Under the proposed settlement agreement, which contains a 20-year Consent Order (available here), the company is prohibited from claiming that a product is made in the United States, or providing third-party retailers with promotional materials with which to make that claim, unless the product is “all or virtually all” made in the United States.  More significantly, the company is required to contact all distributors who purchased or otherwise received any products from the company over a certain time period, and provide them with a notice and a copy of the Order.  As you will see from the attached notice, the company is now in the uncomfortable position of having to ask its distributors to immediately stop using some of its marketing materials, and to affix stickers over the packaging of certain products to cover claims that the items are made in the United States.

The proposed agreement will be subject to public comment for 30 days, after which the FTC will decide whether it will make the Order final.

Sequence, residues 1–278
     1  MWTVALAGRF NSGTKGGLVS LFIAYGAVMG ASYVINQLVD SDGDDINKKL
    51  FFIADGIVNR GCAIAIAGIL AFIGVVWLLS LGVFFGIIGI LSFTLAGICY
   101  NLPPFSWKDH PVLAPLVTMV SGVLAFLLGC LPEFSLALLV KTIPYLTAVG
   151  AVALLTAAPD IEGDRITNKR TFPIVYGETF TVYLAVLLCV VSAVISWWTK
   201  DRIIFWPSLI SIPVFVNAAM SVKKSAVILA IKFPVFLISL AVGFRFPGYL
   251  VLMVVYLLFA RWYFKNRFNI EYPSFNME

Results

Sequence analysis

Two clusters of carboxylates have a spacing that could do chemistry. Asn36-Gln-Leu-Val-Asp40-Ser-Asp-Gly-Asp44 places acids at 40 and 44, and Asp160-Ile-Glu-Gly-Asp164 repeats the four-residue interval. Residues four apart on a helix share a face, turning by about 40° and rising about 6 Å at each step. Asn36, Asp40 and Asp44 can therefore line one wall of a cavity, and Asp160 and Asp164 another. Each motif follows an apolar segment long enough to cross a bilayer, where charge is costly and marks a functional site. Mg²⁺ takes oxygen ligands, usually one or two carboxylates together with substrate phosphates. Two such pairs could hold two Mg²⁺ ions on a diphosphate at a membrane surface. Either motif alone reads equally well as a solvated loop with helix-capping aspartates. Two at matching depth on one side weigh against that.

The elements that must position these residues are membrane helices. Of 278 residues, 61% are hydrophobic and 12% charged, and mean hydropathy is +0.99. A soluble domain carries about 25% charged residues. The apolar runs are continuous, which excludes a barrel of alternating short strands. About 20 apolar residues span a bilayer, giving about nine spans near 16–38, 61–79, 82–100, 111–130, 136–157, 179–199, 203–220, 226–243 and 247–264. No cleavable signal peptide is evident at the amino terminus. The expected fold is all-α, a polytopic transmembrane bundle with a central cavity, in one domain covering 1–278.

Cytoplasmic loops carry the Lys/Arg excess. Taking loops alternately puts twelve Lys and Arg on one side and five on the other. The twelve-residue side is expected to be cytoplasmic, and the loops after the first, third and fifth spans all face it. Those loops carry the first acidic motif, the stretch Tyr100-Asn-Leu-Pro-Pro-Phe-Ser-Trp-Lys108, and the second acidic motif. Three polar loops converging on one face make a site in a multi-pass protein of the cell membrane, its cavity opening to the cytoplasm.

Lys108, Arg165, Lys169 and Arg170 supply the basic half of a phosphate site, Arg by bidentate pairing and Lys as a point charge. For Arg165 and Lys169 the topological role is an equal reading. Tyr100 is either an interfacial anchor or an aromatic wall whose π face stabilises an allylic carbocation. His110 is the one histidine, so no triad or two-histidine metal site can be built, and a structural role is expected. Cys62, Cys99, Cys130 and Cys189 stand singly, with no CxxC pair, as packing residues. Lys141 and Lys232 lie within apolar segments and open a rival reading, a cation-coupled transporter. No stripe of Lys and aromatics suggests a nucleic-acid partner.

The use of U.S.-origin claims has become increasingly important for many companies in recent years.  This case underscores the need to exercise caution when making such claims, whether on product packaging or on your website.  The standard for making these claims differs from the traditional customs test and the standard for making unqualified U.S. claims is extremely high (and, arguably, counterintuitive).  Companies need to review their packaging and marketing materials to ensure that any such claims are accurate and capable of being substantiated.

We have a great deal of experience advising clients on country of origin marking issues, including the use of “Made in USA” claims.  If you have any questions about the case discussed above, or making U.S.-origin claims more generally, please let us know.

Best regards,


U.S. Investigation of India’s Trade, Investment and Industrial Policies Lauched

Dear Friends:

We wanted to let you know of a recent development regarding potentially restrictive trade, industrial and investment policies adopted by India.